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How about Polish horror movie marathon before Halloween? Posted by on Oct 28, 2019 in Culture, Movies

It is the season for scary movies for sure! Some of us love them, others hate these scary movies…So why exactly do we like watching horror movies?

We have four basic emotions: happiness, sadness, anger, and fear. Fear is there to keep us alive and we need it!

Image by Paul Brennan from Pixabay

So if you are the person who is into horror movies, here you will find ideas what Polish horror movies to watch before Halloween!

1. Lokis Rękopis profesora Wittembacha (often called simply Lokis) is a 1970 Polish horror film directed by Janusz Majewski. The title is a misspelling of the Lithuanian ‘lokys’, meaning “bear”. Based on a novel by the French author Prosper Mérimée, this is a carefully crafted piece of work, sombre and brooding, which downplays the more lurid possibilities of its subject and concentrates on character and setting. Thanks to the opulent mansion location and lush surrounding countryside it’s consistently beautiful to watch, and director Janusz Majewski creates a number of striking sequences making full use of the locale, through autumn into winter.

An emotionally withdrawn cleric, Professor Wittembach (Edmund Fetting), studying arcane ecclesiastical texts at a remote Lithuanian country house, comes to believe local superstition about his aristocratic young host, the oddly intense Count Michael Szemiot (Józef Duriasz). Rumour has it that the Count, whose mother (Zofia Mrozowska) was mauled by a wild bear during pregnancy, was born only half-human, a possibility that seems more and more compelling as a number of strange events occur in the weeks before the Count’s wedding…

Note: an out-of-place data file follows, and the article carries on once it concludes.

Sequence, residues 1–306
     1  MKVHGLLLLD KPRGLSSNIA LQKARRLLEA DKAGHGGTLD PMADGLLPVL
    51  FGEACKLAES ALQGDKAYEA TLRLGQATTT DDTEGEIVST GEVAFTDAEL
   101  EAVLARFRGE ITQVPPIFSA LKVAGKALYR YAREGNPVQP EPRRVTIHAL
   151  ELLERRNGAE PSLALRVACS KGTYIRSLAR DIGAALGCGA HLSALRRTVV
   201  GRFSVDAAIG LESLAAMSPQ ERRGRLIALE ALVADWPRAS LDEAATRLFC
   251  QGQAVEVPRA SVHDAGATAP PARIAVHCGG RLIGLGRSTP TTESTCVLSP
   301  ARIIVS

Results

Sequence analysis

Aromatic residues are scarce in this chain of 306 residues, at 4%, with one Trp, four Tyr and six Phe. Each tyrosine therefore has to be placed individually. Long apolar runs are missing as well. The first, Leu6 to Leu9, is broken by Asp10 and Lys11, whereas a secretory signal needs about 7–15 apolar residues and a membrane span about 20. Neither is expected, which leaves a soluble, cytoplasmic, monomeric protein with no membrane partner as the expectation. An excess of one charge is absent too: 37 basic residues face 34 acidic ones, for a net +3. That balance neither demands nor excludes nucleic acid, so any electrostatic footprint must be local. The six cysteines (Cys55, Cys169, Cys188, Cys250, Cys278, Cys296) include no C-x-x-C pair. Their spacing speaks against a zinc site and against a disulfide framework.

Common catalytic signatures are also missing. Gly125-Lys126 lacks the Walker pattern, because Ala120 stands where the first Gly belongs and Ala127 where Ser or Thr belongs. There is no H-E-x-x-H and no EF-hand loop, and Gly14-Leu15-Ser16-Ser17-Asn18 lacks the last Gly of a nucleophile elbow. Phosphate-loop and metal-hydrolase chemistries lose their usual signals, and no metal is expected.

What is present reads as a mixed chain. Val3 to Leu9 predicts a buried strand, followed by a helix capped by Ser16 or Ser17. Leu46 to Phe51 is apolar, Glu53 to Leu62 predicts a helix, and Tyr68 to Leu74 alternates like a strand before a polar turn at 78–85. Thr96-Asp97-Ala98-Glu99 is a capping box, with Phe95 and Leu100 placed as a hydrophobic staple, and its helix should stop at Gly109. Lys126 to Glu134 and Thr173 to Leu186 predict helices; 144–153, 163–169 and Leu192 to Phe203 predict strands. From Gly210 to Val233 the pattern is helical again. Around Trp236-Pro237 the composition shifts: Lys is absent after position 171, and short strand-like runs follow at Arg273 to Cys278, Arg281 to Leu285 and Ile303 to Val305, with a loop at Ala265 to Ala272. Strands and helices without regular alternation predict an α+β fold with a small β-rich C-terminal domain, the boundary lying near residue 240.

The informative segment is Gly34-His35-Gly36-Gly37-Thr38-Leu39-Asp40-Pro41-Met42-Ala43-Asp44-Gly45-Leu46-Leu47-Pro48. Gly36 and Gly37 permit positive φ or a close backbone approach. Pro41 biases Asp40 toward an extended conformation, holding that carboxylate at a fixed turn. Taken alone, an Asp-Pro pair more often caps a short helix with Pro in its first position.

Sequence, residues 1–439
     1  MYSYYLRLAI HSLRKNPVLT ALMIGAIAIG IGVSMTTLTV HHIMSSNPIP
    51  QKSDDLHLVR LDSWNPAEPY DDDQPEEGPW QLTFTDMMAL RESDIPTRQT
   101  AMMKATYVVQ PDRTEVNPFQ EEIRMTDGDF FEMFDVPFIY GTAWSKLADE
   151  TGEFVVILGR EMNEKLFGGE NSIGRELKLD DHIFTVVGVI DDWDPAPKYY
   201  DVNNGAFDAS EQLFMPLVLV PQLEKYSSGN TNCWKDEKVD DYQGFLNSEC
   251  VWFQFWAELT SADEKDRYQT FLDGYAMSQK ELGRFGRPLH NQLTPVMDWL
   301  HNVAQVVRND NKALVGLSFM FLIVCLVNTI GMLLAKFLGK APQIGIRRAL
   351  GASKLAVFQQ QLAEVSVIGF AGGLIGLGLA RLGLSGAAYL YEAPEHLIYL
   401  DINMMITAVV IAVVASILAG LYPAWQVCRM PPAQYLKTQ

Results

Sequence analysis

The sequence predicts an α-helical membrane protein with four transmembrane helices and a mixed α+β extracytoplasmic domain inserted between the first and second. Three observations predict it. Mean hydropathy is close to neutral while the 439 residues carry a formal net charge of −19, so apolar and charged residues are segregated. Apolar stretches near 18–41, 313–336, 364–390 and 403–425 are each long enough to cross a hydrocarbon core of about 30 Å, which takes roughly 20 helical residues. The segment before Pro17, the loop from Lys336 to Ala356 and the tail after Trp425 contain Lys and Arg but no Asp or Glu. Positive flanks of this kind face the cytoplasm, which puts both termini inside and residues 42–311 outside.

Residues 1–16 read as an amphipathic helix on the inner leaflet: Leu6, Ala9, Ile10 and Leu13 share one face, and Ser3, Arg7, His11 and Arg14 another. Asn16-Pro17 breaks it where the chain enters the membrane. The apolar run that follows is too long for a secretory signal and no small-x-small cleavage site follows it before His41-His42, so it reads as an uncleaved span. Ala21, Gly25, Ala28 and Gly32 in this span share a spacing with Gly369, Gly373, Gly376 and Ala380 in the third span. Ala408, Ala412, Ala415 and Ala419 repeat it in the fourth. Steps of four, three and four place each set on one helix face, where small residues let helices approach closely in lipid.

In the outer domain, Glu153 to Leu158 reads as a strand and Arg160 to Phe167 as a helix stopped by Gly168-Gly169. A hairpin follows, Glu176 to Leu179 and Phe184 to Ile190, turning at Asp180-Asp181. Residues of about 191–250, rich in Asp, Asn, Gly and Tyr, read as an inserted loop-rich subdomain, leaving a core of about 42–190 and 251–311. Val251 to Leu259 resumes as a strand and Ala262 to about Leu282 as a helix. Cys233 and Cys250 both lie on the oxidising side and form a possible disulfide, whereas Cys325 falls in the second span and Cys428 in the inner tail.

You can actually watch this movie on YouTube:

2. Another Polish horror would be “Demon” by Marcin Wrona. “Demon,” a joint Israeli-Polish production, was filmed in a small village near the town of Bochnia in southern Poland.

Movie is about a wedding that gets interrupted after the groom becomes possessed by a Jewish “dybbuk” (a cross between a vampire and a ghost), is a paradoxically heavy movie with a deceptively light tone. Israeli actor Itay Tiran portrays a young British man who arrives in a remote Polish village to marry the Polish woman he loves. Shortly before the wedding he discovers human bones in the ground, a disturbing remnant of Jewish life that had been severed a few decades earlier. The bones haunt him, entering his body and turning his merry, vodka-soaked wedding into a horror spectacle – albeit partly comical.

While many contemporary horror films use jump scares and gore to shock viewers out of complacency, “Demon” makes horror touchstones, like a disembodied child’s hand emerging from under the bed, seem relatively normal. Or, put another way: the horrors of “Demon” are disturbing because you can see how ordinary they might seem to anyone who isn’t paying enough attention.

Here is a movie trailer:

Unfortunately, director Wrona took his own life few months after the movie hit the screens…He was born in 1973 in Tarnów, Poland, half of population there was Jewish on the eve of World War II; they were murdered in Auschwitz, Bełżec, Plaszów and in forests near the town. Wrona’s violent father, who beat his wife and tormented his children, made his living as an exorcist. As a child, Marcin used to watch him in action.